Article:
New Call For NHS Staff To Say Sorry When Things Go Wrong

Leaflet advises ‘Saying Sorry Is The Right Thing To Do’


The Health Secretary has called for doctors and nurses to be more open, honest and ‘say sorry’ to patients when there are failures in patient care.

Jeremy Hunt confirmed new recommendations will be sent to every hospital in England and Wales to help win back trust in the NHS.

To address the concerns the NHS Litigation Authority (NHSLA), the body which oversees claims made against the health service, has produced a four-page leaflet for staff entitled "saying sorry".

It recommends that staff should make face-to-face apologies to patients ‘as soon as staff are aware an incident has occurred’.

It also advises that patients should subsequently be given a written apology, adding that it is not like a car insurer, which can ‘withhold a claim because an apology or explanation has been given’. ‘Saying sorry is not an admission of legal liability’, the leaflet says. ‘It is the right thing to do.’

The new guidance follows on from a series of NHS scandals during 2013 which saw a Public Inquiry into the Mid-Staffordshire NHS Foundation Trust where up to 1,200 patients died. A further 11 Trusts were put into special measures following concerns over their high mortality rates.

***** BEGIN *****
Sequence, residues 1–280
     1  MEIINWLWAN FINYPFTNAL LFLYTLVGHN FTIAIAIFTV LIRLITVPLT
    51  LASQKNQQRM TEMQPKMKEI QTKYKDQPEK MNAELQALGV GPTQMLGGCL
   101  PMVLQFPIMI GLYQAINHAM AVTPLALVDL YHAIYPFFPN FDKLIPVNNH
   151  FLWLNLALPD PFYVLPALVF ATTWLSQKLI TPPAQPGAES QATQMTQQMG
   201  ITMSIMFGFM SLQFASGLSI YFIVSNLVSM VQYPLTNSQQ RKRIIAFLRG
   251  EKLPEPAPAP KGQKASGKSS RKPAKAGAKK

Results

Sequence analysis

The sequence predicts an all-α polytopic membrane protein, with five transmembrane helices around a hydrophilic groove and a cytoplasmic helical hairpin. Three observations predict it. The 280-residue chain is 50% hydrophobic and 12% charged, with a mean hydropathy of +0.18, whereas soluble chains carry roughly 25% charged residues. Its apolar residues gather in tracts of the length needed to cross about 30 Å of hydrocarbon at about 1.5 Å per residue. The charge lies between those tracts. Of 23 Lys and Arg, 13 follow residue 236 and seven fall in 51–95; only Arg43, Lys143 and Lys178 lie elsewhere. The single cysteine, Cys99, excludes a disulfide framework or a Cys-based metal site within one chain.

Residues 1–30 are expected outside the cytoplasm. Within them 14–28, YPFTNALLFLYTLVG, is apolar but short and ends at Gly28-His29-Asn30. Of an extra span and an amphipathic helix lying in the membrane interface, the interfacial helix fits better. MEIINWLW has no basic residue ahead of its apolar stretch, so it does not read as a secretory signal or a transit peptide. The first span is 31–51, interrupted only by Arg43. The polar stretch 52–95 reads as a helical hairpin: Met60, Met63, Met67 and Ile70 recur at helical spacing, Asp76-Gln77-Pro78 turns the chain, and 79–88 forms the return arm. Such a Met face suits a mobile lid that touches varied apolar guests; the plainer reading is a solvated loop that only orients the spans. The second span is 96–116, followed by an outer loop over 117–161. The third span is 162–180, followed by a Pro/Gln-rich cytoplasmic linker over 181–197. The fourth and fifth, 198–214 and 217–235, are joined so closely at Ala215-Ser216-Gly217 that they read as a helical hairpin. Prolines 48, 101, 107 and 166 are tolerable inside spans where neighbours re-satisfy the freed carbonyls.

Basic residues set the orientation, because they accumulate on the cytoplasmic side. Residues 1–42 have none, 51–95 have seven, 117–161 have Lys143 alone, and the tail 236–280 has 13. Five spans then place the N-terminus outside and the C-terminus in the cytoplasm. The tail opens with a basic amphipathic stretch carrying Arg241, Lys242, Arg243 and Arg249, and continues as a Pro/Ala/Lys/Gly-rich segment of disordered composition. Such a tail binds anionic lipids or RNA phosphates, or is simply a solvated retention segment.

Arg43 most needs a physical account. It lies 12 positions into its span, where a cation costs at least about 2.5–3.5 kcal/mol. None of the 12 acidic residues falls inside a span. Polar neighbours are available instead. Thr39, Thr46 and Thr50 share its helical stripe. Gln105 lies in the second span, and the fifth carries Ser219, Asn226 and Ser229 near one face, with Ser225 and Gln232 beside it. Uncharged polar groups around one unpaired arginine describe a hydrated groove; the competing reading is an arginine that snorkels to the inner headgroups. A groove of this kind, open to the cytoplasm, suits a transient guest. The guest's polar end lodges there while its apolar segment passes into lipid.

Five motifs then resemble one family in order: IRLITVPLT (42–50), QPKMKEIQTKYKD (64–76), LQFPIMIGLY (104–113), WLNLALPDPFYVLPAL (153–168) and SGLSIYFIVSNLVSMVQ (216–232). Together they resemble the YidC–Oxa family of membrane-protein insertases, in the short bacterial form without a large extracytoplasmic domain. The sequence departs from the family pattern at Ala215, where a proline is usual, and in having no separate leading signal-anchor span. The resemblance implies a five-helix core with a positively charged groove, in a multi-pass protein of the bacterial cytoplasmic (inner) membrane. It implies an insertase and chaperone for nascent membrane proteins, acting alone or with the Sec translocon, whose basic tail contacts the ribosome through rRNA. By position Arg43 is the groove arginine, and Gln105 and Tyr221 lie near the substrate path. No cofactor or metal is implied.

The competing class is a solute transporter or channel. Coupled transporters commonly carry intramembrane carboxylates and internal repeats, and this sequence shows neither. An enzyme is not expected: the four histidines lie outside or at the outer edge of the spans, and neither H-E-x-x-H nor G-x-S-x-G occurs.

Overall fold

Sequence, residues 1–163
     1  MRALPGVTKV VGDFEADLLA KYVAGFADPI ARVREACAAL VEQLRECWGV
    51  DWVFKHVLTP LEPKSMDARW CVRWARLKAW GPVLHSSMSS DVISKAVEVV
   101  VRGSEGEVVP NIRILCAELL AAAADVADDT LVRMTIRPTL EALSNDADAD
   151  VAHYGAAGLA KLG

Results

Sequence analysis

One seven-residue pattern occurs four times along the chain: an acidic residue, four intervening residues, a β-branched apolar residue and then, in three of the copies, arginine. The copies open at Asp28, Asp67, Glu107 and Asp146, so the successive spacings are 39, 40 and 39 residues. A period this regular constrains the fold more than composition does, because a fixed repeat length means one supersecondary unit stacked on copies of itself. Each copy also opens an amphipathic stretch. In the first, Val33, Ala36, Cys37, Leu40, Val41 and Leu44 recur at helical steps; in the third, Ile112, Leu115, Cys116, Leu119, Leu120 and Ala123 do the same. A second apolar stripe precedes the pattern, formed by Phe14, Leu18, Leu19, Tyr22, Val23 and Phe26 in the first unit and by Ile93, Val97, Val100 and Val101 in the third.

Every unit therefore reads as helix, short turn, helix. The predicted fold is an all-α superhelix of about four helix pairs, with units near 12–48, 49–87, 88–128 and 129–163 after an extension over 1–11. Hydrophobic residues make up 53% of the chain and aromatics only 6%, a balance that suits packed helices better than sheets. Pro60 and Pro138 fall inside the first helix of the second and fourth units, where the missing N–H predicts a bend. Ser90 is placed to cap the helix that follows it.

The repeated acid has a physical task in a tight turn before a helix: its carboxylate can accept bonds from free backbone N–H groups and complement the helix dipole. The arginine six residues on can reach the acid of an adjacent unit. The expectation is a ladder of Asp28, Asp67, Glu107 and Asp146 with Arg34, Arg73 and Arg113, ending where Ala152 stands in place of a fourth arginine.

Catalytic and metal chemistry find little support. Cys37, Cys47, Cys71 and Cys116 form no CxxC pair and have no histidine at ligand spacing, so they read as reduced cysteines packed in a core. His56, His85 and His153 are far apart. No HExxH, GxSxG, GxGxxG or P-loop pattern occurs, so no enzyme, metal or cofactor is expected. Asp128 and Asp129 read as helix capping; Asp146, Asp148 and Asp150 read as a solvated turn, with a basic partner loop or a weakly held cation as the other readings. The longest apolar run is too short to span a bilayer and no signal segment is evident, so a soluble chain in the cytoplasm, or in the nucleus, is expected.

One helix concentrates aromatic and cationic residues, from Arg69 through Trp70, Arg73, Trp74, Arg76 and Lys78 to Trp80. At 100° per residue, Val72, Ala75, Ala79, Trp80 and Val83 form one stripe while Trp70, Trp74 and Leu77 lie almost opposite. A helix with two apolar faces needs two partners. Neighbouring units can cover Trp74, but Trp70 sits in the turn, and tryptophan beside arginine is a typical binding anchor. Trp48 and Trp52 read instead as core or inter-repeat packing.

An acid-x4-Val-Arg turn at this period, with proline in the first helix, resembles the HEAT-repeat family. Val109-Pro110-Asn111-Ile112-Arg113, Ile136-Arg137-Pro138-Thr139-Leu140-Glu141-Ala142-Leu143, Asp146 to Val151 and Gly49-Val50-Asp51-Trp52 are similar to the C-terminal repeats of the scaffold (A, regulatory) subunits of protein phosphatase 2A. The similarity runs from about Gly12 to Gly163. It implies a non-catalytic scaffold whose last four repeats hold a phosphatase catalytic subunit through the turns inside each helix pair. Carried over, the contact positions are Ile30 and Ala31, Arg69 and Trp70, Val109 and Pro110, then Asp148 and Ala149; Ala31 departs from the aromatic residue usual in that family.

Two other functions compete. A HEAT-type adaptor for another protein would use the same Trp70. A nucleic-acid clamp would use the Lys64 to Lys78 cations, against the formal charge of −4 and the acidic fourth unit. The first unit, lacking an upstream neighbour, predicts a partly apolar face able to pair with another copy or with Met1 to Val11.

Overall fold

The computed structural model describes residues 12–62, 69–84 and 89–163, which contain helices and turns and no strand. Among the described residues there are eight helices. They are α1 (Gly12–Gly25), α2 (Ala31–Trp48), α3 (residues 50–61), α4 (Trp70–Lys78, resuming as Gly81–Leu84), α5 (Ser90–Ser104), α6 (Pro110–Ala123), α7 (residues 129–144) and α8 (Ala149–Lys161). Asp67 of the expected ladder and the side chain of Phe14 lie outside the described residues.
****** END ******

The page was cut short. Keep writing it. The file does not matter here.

In response to the Francis inquiry into care failings at Stafford hospital, a ‘statutory duty of candour’ was introduced, meaning families must be informed if errors in treatment cause death or serious injury.

Catherine Dixon, chief executive of the NHS Litigation Authority, said: "Saying sorry is the human and moral thing to do, we won't say 'we're not going to cover you because you've said sorry'.

"In cases where people perhaps bring a claim out of frustration, because they don't feel that they've been given an explanation or that their complaints have been heard, an apology may make them less likely to pursue an action.

"We actively support organisations being open, transparent and candid with their patients. We have seen some cases where that hasn't happened in the NHS. It's important that we create and support the right culture. It can win back people's trust."

Expert Opinion
“We welcome this change in stance and new guidance to NHS staff which follows on from our calls for a statutory duty of candour to be implemented across all levels of the NHS.

“For many of our clients money is a secondary factor, they turn to us frustrated by the lack of transparency from doctors and nurses when mistakes have been made and legal action is often the only option for them in getting answers about why their care was substandard.

“Mistakes can and will happen, but being offered an apology by those responsible will reassure patients and their families that what has happened is being taken seriously.

“They also then need to know that improvements are being made and lessons learnt to prevent the same mistakes from being repeated and other families suffering in the same way.”
Lisa Jordan, Partner